Cassie: And like, I mean, the funny thing is my sister Vanessa is named after Vanessa Williams. Yeah. And I asked my mom, did you ever think about this scandal and all this kind of stuff? And she, you know, for her, it was not important. At the time, my mom's ambient and she was living in the UK with my dad. So, they're not American. She had a kind of global importance to people and image. So I think that, you know, her global fame helped her a lot as well, because she was so beloved around the world and people truly didn't care outside of America.

Mike:  I mean, one of the stories that really stuck out to me from her memoir was in this period sort of before she starts to make it as a singer, she gets contacted by Robert DeNiro who's like, “Hey, I'm working on a musical. Why don't you come like have a meeting about it. I think you'd be perfect for this role.” And then she goes over to his house. He has a meeting at like 8:00 or 10:00 PM or something. And then as soon as they start talking about it, it's really obvious that there is no musical. He only did that as a ploy to get her over to his house. At one point she's getting calls from Jack Nicholson as well, like a lot. And to me that was like such a glimpse of what it is like to have this kind of fame.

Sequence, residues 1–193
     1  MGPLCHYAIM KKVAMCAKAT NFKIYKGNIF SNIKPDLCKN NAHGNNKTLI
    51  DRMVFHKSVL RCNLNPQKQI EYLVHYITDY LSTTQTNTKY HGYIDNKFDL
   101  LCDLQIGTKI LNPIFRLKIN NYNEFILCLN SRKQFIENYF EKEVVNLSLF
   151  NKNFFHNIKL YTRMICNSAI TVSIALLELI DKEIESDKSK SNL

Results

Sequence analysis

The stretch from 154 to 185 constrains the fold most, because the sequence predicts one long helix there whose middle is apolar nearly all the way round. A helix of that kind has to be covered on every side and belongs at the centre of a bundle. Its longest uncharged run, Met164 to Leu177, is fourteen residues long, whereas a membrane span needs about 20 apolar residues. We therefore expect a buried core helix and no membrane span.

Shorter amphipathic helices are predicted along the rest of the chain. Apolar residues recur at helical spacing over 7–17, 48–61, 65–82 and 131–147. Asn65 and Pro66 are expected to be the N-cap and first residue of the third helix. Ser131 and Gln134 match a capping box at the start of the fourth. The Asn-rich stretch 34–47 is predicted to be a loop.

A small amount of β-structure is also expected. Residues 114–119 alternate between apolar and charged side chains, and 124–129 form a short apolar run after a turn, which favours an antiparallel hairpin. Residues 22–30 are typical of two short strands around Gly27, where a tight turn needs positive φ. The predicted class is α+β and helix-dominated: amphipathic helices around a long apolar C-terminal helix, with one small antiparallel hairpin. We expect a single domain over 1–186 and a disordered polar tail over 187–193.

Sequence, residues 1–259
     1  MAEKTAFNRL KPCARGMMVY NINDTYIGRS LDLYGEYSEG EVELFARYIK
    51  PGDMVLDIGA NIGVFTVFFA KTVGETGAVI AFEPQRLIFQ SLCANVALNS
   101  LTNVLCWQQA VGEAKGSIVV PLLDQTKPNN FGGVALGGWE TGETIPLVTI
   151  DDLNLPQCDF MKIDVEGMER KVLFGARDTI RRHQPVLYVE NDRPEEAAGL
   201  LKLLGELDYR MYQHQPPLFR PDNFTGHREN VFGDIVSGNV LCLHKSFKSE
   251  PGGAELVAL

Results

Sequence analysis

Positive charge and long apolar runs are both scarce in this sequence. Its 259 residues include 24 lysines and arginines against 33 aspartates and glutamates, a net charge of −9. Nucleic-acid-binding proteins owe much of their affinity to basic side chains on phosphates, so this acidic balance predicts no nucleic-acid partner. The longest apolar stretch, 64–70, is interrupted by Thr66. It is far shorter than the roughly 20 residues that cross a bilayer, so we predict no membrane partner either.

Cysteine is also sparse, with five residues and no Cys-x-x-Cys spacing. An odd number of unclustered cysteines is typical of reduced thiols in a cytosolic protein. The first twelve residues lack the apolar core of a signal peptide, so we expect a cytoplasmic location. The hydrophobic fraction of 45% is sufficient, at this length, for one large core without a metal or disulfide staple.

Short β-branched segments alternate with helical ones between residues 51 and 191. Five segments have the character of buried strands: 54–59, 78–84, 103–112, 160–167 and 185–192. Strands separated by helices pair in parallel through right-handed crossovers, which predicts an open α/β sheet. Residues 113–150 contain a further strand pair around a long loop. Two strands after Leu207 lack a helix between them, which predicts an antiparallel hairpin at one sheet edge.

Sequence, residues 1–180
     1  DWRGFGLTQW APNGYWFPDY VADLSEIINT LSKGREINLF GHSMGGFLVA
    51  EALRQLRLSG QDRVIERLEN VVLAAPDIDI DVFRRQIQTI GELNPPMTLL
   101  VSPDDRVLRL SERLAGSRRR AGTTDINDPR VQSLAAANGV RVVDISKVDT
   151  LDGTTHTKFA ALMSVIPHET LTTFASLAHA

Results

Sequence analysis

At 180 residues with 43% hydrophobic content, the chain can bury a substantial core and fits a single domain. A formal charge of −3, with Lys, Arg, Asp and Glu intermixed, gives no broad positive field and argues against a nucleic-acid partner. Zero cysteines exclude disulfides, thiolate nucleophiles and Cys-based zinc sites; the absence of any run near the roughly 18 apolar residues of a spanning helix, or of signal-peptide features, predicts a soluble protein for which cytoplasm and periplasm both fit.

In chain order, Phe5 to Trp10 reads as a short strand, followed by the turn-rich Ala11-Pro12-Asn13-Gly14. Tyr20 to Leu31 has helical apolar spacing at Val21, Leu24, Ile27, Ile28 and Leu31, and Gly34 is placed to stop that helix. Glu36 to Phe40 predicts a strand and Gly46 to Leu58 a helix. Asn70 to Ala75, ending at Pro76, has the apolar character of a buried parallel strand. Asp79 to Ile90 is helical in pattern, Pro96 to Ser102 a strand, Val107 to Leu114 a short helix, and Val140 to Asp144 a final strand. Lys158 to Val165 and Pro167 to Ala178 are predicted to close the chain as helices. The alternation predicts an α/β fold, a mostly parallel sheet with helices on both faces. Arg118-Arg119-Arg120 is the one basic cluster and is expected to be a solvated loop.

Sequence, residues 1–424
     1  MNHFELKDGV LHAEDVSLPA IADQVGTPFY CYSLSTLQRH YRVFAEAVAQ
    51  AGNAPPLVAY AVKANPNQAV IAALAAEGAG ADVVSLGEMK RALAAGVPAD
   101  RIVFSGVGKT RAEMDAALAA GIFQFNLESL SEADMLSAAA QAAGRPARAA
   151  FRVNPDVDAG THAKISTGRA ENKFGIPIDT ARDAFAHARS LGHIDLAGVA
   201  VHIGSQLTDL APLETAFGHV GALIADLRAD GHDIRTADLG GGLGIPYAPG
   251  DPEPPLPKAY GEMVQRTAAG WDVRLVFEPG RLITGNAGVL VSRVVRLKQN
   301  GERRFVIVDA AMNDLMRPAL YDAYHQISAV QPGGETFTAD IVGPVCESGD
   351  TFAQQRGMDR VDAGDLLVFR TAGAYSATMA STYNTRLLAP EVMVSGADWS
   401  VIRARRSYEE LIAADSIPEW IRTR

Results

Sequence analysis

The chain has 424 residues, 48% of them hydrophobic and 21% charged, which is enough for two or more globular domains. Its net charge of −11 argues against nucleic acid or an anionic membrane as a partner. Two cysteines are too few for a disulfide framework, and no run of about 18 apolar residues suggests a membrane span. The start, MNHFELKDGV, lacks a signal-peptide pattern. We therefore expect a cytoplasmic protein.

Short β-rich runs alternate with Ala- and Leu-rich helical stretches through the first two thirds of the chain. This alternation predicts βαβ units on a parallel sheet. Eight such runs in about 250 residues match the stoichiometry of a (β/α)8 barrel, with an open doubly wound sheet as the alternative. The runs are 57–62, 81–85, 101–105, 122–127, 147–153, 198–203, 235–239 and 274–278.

Sarah: She's famous enough to be sexually harassed by Oscar winners. You don't have to be famous for that. It's just that less famous people do that to you. Like, this is the basis of these photos existing, right?  That just like random men are just like, “Hey, I want a piece of that.” And just invent imaginary jobs. I just feel like it was also like, so like, I think people still believe this, but I feel like it was so pervasive in a mainstream way at the time that like, if you're a woman and like if a man asks you to talk to them about anything, you should just expect for there to be consequences. And like that's such a horrible world to have to believe in and operate as if that's the case all the time. Like, I feel like there's something you know, there's like there's self-preservation, but also there's the kind of radical worldview of like, I am not going to live my life expecting that everyone is trying to kill me or at least to fuck me all the time.

Cassie: Yeah. And it's, I mean, we talk about the ‘Me Too’ movement and you know, the casting couch, but again, like the fact that she had already had this scandal and people could make assumptions about her and why she wanted to be in the industry. She had a lot to protect herself from. And this is my sense of when her relationship with her mother kind of gets closer because a lot of what her mother had drilled into her when she was younger becomes useful here.